The always anticipated LGBT Poetry Slam, again sponsored by Northern Trust, was without a doubt one of the most heavily attended events of the week. The event has grown in popularity since it was started in 1998 by C.C. Carter (man, that sister gets around doesn't she?).
Several things stood out as noteworthy at this year's poetry slam. First, with approximately 40 contestants entered and performing their own styles of wizardry, two-thirds of the poets were under 24 years of age. And after a first-round performance by 16-year-old phenomenon Perre Shelton, Northern Trust tripled the prize money to $1,500 for first prize. And with a total of $2,600 given away to the three eventual winners, you can be sure that next year the stage will be full as actors, philosophers and once-closeted poets prepare for their debut.
Samaiya and E. Nina James took second and third place, respectively. And what were the topics that these new generation James Baldwins and Audre Lordes chose to tackle? I Like Pussy, Tribute to Women, I Like Fat Girls, I Am a Blues Poet, Reparations, What It Means to be Black, and I Smelled Your Ass Was Straight.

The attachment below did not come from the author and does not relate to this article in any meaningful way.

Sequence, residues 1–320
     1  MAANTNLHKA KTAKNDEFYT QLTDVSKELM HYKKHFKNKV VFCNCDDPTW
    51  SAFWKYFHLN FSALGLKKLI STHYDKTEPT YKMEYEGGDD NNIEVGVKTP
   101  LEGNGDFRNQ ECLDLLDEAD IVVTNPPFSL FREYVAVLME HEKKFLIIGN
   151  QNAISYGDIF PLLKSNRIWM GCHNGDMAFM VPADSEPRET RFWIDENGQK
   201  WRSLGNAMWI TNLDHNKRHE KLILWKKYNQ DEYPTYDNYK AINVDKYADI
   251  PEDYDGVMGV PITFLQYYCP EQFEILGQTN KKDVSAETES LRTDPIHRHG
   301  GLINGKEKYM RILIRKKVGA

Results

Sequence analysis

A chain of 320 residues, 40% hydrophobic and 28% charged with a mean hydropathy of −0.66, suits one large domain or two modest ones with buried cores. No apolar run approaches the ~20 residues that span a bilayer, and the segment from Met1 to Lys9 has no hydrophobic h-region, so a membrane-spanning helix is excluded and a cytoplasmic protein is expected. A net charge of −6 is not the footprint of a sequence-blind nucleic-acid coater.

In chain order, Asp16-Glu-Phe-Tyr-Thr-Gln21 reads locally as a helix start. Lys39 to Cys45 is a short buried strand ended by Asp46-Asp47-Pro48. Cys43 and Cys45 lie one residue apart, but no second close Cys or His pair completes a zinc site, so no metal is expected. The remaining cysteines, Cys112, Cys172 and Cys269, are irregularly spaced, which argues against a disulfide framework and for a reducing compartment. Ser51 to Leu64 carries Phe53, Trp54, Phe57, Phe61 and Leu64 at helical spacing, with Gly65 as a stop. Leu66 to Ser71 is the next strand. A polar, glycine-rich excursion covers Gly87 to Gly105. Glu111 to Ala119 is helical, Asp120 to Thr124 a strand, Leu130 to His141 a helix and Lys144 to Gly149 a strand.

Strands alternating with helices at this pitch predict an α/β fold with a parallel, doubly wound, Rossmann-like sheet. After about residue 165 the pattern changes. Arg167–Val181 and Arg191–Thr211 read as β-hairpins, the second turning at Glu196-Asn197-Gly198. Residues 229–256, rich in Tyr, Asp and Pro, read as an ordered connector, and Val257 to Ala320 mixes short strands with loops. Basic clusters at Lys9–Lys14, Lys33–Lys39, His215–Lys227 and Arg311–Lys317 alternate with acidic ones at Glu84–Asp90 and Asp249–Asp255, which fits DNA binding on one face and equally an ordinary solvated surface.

Of course in addition to the annual events, like the picnic/festival at Rainbow Beach, which closed out the activities on Sunday, July 6, there were some other firsts.
Two fiery seasoned veterans from the Black LGBT community, Adodi President Kenneth McCane and Jackie Anderson, responded to cries last year for something aimed at the more mature crowd and co-hosted an over-40 steppers dance, which started just as the Poetry Slam was ending.
'A lot of the older girls like to go stepping regularly,' Anderson said. 'And some of us have grown too stiff for all of that hip hoppin' and percolating. It's happening at Star Gaze now and for awhile we had these sets going on at Club Escape—all aimed at LGBT crowds.'
DJ Sheron added that she hopes those within the Black LGBT community will continue to work on collaborative projects. 'I would love to one day have a place like the Regal Theater that presents the kinds of entertainment enjoyed by the gay community,' she said. 'Live entertainment, pageants, dances, you name it. But it will take us all working together.'
McCane said the steppers' set, as well as the Youth Dance, also held on Friday, July 4, were separate but necessary events for every Pride weekend.
'The steppers' set not only affirms and includes a more mature community, but also pays homage to many great entertainers who have paved the way through the harsh days of segregation. We wanted something for our youth to attend, like their own party, but far too often we see that in our same-gender-loving community, entertainment is primarily aimed at the younger audience.'